Keeping it Real: Why Aerie's Advertising Campaign is SO Important

Raise your hand if you've ever felt insecure, ashamed, uncomfortable, or embarrassed about your body...

We all can relate.  

Living in this media-driven society, we're constantly flooded with imagery of impossibly slim girls (who somehow still exhibit the "desirable" curves), girls with shimmering tans and no bumps or scars, girls with impeccable, glittering teeth and smooth, silky hair - the so called "perfect" women. Of course these models are beautiful, but the reality is that what we see on our screens or in magazines is not those women at all.

It's Photoshop. It's retouching. It's an edited truth.  

I've yet to meet a girl who has never struggled with body image, and feeling inadequate in your own skin is definitely something that both girls and guys experience. That's why I'm so happy that Aerie, the undergarment and swimwear branch of American Eagle, is changing the face of advertising with the #AerieREAL campaign! In case you're not familiar with it, the purpose of the #AerieREAL campaign is to promote body positivity, girl power, and self love by never retouching, airbrushing, or Photoshopping their models. Furthermore, #AerieREAL models are ordinary women who just want to spread positivity and the gift of a good, comfy bra! Aerie has included models with visible disabilities or illnesses that we've NEVER seen in lingerie ads before, as well as women of all different sizes and body types.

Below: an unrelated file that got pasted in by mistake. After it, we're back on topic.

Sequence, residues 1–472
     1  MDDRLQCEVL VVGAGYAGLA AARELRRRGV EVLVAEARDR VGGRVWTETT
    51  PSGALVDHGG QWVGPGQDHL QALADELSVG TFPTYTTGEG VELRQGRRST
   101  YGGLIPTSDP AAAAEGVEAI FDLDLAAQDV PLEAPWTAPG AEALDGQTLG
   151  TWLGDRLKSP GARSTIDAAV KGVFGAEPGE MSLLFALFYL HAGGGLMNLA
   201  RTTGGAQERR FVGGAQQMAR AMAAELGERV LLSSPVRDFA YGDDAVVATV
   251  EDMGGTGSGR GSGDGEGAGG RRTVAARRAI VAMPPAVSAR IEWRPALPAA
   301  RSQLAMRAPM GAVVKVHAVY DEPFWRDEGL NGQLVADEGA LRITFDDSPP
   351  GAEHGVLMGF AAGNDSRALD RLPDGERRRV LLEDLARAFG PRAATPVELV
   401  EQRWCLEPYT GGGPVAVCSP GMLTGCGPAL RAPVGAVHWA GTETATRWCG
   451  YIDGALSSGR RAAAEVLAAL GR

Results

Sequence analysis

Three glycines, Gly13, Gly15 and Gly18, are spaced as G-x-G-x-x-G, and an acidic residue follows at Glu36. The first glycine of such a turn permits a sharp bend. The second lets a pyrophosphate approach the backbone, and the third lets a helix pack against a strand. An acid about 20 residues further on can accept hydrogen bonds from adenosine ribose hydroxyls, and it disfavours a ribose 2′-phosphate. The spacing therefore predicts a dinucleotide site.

Every woman featured on Aerie's website and social media is different, but the one thing they all have in common is that they look genuinely happy. 

According to the National Institute of Mental Health, the average age of onset for both anorexia nervosa and bulimia nervosa is 18. These disorders affect both males and females, but each is significantly more prevalent in females. As a 19 year old female, I know I spend a lot of time on the internet, and I see ads for things like bathing suits and lingerie all the time. We're conditioned to believe that beauty is what we see in those ads. It's the classic Victoria's Secret Angels, the girl on the front of the Sports Illustrated Sex - sorry, I mean Swimsuit - edition, the never-had-a-pimple Maybelline models, etc. And honestly, seeing those images put on a pedestal and lauded as beauty standards can be super discouraging.

But when I'm scrolling through Instagram and I see a picture of an #AerieREAL girl who has natural curves rocking a bikini, just radiating joy, it makes me so. freaking. happy. When I see a girl modeling a bra whose cup size actually makes sense with her body type, it makes me want the product because they're made for real women, not "angels"! Whenever I see a model who has scars, or uses a wheelchair, or has braces, and Aerie's caption is all about supporting one another and loving our bodies, I feel lifted up. And THAT is the message we should be promoting as a society.

Collegiettes, be you. Be real. Love one another, and love yourself.